Posted in Inventions
03/02/2019

The mackintosh (mac)

A ‘mac’ is a generic name for a waterproof coat, shortened from ‘mackintosh’. In the early 19th century Charles Macintosh (no ‘k’), a chemist in Scotland, came up with a process for sandwiching rubber between two layers of fabric. He patented his rubberised material in 1823 and his company used it to make coats that were glued and taped together at the seams. The problem was that these first macs were heavy, stiff and tended to melt in hot sun!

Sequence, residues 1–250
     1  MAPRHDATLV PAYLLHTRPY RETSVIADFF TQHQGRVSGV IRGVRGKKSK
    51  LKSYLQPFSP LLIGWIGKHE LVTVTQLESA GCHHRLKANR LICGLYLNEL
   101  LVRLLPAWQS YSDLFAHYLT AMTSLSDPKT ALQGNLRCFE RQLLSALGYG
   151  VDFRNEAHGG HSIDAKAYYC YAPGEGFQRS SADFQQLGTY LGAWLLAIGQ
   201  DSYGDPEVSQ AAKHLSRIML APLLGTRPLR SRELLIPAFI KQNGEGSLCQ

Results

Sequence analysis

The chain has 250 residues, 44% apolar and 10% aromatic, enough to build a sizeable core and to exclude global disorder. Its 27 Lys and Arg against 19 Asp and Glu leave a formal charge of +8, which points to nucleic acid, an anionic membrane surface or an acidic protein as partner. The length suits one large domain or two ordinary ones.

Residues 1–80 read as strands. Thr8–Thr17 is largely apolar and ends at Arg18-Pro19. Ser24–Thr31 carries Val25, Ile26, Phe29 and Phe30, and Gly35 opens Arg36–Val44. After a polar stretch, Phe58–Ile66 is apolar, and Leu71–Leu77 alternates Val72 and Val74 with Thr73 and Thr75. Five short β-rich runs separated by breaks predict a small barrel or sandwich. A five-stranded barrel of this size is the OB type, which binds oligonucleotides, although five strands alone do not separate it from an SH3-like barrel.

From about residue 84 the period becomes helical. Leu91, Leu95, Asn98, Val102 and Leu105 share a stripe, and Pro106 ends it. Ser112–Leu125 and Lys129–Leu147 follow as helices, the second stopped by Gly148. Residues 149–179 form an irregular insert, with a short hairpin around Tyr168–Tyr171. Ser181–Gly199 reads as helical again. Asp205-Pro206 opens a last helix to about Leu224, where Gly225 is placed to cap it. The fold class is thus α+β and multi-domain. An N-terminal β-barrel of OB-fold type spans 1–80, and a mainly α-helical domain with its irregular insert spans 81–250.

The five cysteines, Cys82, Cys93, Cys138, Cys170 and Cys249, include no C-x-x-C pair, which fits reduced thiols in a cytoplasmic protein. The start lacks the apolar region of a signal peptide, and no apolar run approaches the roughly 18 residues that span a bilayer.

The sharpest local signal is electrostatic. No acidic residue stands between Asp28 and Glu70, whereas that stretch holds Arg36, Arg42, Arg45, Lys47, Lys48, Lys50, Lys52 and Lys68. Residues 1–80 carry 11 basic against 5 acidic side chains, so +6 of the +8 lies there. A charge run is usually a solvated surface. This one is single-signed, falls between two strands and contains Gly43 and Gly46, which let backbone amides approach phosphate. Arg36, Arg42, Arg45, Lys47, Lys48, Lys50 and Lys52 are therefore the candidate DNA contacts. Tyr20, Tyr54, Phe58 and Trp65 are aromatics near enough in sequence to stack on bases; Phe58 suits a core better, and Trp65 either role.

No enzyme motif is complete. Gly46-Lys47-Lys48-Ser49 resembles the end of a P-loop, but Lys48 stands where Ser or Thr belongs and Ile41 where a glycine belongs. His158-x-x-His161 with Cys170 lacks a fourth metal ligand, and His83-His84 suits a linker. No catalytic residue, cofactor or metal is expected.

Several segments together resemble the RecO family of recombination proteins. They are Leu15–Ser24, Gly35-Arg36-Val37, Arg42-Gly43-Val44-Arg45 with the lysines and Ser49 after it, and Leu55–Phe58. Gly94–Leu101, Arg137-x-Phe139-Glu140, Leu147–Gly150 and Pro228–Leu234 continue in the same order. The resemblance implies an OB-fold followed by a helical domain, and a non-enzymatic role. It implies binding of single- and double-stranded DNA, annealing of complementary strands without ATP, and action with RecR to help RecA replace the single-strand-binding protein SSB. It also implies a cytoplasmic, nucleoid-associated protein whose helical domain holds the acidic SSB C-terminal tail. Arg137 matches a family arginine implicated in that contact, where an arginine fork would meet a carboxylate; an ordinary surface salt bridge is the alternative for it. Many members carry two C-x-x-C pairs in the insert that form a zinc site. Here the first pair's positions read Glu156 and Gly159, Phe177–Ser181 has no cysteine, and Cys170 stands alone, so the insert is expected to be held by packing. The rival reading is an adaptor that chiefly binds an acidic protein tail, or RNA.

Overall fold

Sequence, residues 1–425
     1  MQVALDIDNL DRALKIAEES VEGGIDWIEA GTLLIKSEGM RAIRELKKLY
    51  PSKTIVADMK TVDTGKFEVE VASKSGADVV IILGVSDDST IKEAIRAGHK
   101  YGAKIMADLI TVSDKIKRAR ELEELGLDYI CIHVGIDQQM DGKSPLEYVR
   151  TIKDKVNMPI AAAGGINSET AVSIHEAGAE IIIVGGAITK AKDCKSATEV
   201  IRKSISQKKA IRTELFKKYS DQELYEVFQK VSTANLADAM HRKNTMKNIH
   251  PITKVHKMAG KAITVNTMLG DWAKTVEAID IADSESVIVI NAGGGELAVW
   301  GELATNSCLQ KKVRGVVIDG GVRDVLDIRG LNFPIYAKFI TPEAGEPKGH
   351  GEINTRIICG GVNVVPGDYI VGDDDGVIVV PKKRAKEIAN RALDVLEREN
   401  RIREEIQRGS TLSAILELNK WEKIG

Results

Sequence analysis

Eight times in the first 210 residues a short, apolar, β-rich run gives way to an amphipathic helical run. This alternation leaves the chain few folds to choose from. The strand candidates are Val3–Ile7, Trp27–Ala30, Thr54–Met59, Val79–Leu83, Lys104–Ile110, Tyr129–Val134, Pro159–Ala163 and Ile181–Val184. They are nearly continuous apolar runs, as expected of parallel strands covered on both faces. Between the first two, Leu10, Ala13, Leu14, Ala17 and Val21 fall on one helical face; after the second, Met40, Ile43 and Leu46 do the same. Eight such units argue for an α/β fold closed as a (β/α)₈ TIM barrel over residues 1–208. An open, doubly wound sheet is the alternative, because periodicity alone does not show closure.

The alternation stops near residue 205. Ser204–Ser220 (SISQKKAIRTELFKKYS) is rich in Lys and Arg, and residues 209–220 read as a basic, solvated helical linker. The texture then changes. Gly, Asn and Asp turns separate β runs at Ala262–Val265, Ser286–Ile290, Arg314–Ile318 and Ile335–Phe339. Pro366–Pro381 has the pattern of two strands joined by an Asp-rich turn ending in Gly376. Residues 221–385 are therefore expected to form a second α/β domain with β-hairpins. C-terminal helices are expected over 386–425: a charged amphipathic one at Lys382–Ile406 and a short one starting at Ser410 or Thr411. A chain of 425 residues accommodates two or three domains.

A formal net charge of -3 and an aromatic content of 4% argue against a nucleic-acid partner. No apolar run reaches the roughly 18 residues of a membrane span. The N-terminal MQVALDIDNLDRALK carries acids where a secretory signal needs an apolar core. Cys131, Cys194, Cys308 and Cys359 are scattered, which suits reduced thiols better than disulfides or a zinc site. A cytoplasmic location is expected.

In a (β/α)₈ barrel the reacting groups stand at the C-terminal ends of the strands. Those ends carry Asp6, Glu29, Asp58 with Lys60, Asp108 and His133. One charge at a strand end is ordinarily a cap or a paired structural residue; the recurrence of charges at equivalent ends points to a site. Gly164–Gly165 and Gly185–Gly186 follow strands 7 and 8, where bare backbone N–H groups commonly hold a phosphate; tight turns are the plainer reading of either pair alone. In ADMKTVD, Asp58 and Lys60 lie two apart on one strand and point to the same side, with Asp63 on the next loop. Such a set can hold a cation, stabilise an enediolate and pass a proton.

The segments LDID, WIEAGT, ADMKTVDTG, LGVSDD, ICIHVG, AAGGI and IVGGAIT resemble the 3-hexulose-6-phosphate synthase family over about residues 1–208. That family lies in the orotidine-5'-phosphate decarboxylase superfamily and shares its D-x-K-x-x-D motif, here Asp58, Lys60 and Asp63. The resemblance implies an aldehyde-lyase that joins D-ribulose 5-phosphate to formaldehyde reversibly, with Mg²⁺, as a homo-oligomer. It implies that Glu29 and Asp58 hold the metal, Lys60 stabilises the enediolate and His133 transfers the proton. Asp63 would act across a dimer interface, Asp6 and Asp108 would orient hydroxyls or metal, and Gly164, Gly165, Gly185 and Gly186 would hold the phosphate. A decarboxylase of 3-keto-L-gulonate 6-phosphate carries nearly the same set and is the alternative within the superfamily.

Meanwhile, Thomas Hancock in England also had a company working on rubber goods, including recycling rubber left-overs. Macintosh and Hancock started to collaborate as Hancock’s rubberised fabric was made in a way that solved the previous issues. Hancock filed a patent for his vulcanised rubber in 1843.

The British Army made use of this invention and, in rainy UK, macs were very popular with the public. Later competition saw a downturn in sales, but today, Mackintosh Ltd and Hancock Vulcanised Articles Ltd both operate in the up-market rainwear sector.

(Image: pixabay.com)